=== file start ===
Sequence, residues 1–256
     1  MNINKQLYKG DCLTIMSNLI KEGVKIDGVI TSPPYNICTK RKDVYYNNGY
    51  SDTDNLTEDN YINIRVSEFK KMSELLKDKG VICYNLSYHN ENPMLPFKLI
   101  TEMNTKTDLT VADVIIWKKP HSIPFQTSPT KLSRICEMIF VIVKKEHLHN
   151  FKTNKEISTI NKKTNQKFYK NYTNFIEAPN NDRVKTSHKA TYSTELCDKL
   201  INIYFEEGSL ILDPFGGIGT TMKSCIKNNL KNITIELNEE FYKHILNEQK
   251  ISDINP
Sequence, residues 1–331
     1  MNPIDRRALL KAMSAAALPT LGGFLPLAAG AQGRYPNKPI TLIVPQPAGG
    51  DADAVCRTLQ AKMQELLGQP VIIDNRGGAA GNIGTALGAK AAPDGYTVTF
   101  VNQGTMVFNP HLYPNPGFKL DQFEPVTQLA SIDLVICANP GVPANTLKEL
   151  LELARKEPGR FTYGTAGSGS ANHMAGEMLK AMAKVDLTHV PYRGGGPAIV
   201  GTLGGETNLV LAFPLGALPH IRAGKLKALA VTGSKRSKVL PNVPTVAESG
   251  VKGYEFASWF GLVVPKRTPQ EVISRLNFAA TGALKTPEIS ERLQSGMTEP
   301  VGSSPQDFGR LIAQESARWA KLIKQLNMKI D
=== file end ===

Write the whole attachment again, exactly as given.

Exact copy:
Sequence, residues 1–256
     1  MNINKQLYKG DCLTIMSNLI KEGVKIDGVI TSPPYNICTK RKDVYYNNGY
    51  SDTDNLTEDN YINIRVSEFK KMSELLKDKG VICYNLSYHN ENPMLPFKLI
   101  TEMNTKTDLT VADVIIWKKP HSIPFQTSPT KLSRICEMIF VIVKKEHLHN
   151  FKTNKEISTI NKKTNQKFYK NYTNFIEAPN NDRVKTSHKA TYSTELCDKL
   201  INIYFEEGSL ILDPFGGIGT TMKSCIKNNL KNITIELNEE FYKHILNEQK
   251  ISDINP
Sequence, residues 1–331
     1  MNPIDRRALL KAMSAAALPT LGGFLPLAAG AQGRYPNKPI TLIVPQPAGG
    51  DADAVCRTLQ AKMQELLGQP VIIDNRGGAA GNIGTALGAK AAPDGYTVTF
   101  VNQGTMVFNP HLYPNPGFKL DQFEPVTQLA SIDLVICANP GVPANTLKEL
   151  LELARKEPGR FTYGTAGSGS ANHMAGEMLK AMAKVDLTHV PYRGGGPAIV
   201  GTLGGETNLV LAFPLGALPH IRAGKLKALA VTGSKRSKVL PNVPTVAESG
   251  VKGYEFASWF GLVVPKRTPQ EVISRLNFAA TGALKTPEIS ERLQSGMTEP
   301  VGSSPQDFGR LIAQESARWA KLIKQLNMKI D